In 1947, Dick moved into a Berkeley rooming house, living for a short time with the poet Robert Duncan. After one unhappy term at Berkeley in 1949, he married again and settled down to a writing career, publishing his first science fiction stories in 1952. Dick entered the market at a time when the genre was in flux. Like the big bands, the great pulp magazines of the '30s declined after the war. They were replaced by a flood of cheap paperbacks, and the leading format for science fiction became the "double paperback" published by Ace Books, two novels together in one binding with a different lurid cover illustration on each side. Throughout the '50s Dick worked closely with Ace's top editor, Don Wollheim. Typing from morning to night, he cranked out large quantities of prose, and turned himself into a typically prolific and typically uneven writer of the genre.
Dick was not unsuccessful at this: his novel Solar Lottery, published in 1955, sold 300,000 copies, and he became one of the first clients of the powerful agent Scott Meredith. Still, it was not a writer's life; royalties were meager and manuscripts were altered at will to ensure the proper amount of extraterrestrial warfare and gee-whiz gadgetry. (The Zap Gun was written because Wollheim insisted on publishing a book with that title.) As he read widely Dick's frustrations with science fiction grew, and his discontent became apparent.
Throughout his career Dick longed for a wider audience, and sought to escape the science fiction ghetto. He envied writers such as Ursula Le Guin, who acquired a serious reputation and was even published in The New Yorker. His readers, he complained, were "trolls and wackos." In the '50s and early '60s, he wrote a series of non-science fiction novels, all of which were rejected by publishers at the time. These books were mainly somber tales of thwarted love in northern California, peopled with cranky record salesmen and bitter couples and narrated in a glumly painstaking fashion. On the whole, their vision of domestic life is an unhappy one. In Confessions of a Crap Artist, an accumulation of errant jealousies and petty insults leads to illness and insanity. The novel ridicules the newly formed ufo cults of Marin County, though years later Dick reflected that the cults "didn't seem as crazy to me now ..."
Rebuffed by "mainstream" publishers, Dick abandoned his realist writings in 1963. By then he had discovered a different way out of the Ace formula: he would transform the genre of science fiction from within. Concerned with psychic dislocation, and its moral and philosophical consequences, he began to ignore the expectations of his editors. In particular, he disregarded the most honored conventions of "hard s.f.," that science fiction should be rigorously "extrapolative" of hard science, and that it should be "prophetic" of plausible futures.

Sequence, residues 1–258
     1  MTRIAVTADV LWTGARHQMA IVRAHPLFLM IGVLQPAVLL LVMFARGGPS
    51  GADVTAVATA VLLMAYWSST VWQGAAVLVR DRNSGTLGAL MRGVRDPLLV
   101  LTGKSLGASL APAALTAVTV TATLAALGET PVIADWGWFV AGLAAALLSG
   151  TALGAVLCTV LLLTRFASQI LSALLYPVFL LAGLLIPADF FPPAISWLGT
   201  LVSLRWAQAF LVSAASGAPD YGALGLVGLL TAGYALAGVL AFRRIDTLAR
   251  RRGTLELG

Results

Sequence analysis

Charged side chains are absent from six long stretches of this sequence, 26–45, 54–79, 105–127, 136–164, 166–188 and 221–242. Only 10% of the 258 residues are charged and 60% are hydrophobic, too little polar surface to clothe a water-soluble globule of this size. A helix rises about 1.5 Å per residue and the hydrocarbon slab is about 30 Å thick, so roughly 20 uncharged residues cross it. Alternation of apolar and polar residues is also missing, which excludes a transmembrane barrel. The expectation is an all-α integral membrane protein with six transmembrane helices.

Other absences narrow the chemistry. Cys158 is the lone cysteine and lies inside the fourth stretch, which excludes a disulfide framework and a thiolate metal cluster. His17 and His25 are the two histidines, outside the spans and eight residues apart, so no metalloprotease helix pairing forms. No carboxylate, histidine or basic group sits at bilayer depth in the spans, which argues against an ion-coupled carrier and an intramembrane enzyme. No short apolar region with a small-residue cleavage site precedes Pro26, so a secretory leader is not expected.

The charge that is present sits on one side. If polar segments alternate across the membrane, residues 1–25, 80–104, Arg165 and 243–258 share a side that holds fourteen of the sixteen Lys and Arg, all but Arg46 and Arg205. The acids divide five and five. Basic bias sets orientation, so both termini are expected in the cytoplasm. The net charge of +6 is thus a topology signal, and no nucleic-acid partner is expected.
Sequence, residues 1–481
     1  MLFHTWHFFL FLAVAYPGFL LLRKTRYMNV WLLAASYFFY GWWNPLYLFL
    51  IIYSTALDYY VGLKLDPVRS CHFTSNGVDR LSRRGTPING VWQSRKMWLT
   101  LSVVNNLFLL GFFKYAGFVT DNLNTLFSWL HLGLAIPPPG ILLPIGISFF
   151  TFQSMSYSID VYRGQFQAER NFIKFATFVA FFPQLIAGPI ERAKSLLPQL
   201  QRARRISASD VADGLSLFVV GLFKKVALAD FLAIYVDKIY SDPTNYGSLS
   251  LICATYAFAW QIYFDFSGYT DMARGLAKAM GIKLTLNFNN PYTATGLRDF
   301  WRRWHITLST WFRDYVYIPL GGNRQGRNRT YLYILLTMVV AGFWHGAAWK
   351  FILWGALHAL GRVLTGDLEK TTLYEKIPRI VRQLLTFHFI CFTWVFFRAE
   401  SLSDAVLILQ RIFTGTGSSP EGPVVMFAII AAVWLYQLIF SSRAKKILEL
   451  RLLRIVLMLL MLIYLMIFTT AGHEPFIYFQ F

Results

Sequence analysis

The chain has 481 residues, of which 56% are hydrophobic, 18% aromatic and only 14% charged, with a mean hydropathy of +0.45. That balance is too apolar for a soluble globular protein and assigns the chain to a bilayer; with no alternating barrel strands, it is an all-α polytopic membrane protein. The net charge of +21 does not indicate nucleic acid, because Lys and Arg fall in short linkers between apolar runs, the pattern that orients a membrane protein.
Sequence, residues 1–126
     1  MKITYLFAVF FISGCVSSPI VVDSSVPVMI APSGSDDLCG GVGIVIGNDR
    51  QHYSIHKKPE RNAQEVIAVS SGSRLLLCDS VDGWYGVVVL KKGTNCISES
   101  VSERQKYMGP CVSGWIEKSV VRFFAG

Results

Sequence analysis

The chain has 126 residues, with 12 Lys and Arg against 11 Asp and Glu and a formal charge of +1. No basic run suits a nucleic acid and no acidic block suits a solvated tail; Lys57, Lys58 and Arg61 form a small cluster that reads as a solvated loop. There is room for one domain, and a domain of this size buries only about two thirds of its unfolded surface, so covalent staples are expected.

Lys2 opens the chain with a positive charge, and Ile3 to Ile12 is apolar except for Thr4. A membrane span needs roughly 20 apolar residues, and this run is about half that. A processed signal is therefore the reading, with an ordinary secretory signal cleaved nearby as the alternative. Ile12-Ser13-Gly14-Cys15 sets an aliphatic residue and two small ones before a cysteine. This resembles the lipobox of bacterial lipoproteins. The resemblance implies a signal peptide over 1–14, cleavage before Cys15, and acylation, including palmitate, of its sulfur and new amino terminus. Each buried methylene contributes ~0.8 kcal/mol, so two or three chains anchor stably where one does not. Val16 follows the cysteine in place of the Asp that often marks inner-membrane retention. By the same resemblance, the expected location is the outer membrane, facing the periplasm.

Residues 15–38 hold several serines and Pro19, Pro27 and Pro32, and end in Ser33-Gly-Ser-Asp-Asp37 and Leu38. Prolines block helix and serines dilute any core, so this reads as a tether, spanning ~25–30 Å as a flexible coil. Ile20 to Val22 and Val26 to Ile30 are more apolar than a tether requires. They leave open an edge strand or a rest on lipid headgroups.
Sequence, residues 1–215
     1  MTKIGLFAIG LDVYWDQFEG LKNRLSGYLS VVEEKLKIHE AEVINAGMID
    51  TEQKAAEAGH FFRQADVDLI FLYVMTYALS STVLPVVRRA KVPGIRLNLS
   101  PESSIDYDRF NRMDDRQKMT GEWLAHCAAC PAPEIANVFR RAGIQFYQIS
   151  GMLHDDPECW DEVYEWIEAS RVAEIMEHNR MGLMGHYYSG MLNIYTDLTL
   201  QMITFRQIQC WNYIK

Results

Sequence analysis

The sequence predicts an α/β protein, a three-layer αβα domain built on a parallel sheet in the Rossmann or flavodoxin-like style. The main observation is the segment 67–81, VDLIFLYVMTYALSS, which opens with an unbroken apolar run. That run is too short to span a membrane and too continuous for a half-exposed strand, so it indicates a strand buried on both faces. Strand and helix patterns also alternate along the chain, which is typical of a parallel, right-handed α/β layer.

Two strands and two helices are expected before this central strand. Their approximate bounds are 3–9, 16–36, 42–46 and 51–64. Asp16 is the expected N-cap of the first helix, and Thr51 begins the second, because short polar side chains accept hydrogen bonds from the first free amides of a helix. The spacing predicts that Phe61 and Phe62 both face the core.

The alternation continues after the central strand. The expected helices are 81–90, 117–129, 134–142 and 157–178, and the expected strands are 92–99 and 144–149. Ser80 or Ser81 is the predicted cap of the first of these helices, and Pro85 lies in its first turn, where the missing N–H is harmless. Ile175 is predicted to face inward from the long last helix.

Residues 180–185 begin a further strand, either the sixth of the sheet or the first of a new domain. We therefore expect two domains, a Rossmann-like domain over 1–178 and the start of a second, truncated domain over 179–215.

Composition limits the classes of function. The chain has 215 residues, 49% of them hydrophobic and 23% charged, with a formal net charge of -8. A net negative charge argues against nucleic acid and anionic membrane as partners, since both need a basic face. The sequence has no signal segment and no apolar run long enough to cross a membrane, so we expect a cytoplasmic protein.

By the late '50s, these conventions had a long and venerable history. When Hugo Gernsback started his magazine Amazing Stories in 1926, initiating modern science fiction, he hired Thomas Edison's son-in-law as a fact checker. In its heyday, John W. Campbell Jr.'s Astounding Stories insisted that writers postulate one outlandish circumstance--the "what if?" clause--and rigorously follow the laws of science from there. After World War ii these conventions loosened, as the optimistic narrative of invention and discovery was tempered by dystopian broodings and doubts about the authority and integrity of science. But the most important figures, Asimov, Heinlen, Bradbury, remained faithful to the Campbellian requirements of scientific accuracy and plausible prophecy. As Asimov put it, "In my stories I always suppose a sane world."
Philip Dick's fictional worlds have a great many attributes, but sanity is not among them. Campbell, the monarch of postwar science fiction, refused to publish his stories because they were "too neurotic." In his preoccupation with abnormal psychology, collective delusions and implanted memories, Dick in part followed the path of irregular science fiction writers of the '50s such as A.E. van Vogt and Theodore Sturgeon. Yet he ranged further in his subversions. Dick continued to rely on the ready-made materials of science fiction, the pulp prose, the planetary conflicts, the "psionic" powers of "precogs" (who read the future) and "telepaths" (who read minds); but he employed these materials to his own extravagant ends.
Dick's novels of the late '50s were littered with intellectual debris of the period: the existential psychoanalysis of Ludwig Binswanger, popularized in America by Rollo May; the cybernetics of Norbert Weiner and the game theory of John von Neumann; gestalt psychology and Carl Jung; Tibetan Buddhism and the I Ching. Eye in the Sky (1957) amusingly presents a nation given over to ostentatious piety and soulless technocracy. Its engineers stabilize "reservoirs of grace" while "consulting semanticians" secure communication lines with God and ibm computers tabulate credits toward salvation. (The satire of religious fundamentalism worried Dick's editors at Ace, who changed a central character into a Muslim to avoid offending readers.) Time Out of Joint, which appeared in 1959, departed even further from the norms of science fiction. Its first hundred pages unfold a slow-paced story set in a small west coast town. Evidence that something is "out of joint" gradually amasses, until the startling scene when a soft-drink stand vanishes into a strip of paper labeled "soft-drink stand" and the entire community is revealed to be a Potemkin village; it is, in fact, an artificial replica of the '50s constructed in 1994 to salve the nerves of the protagonist, whose sanity is essential to national security. In 1959 Dick was already proposing that the '50s themselves were a kind of pacifying fantasy available for the nostalgia of future generations. Where traditional science fiction stirred anxieties about the future, Dick deftly introduced his uncertainties into the present and recent past. Despite the concluding narrative fireworks, Ace refused to publish Time Out of Joint, and Doubleday brought it out instead as a "novel of menace."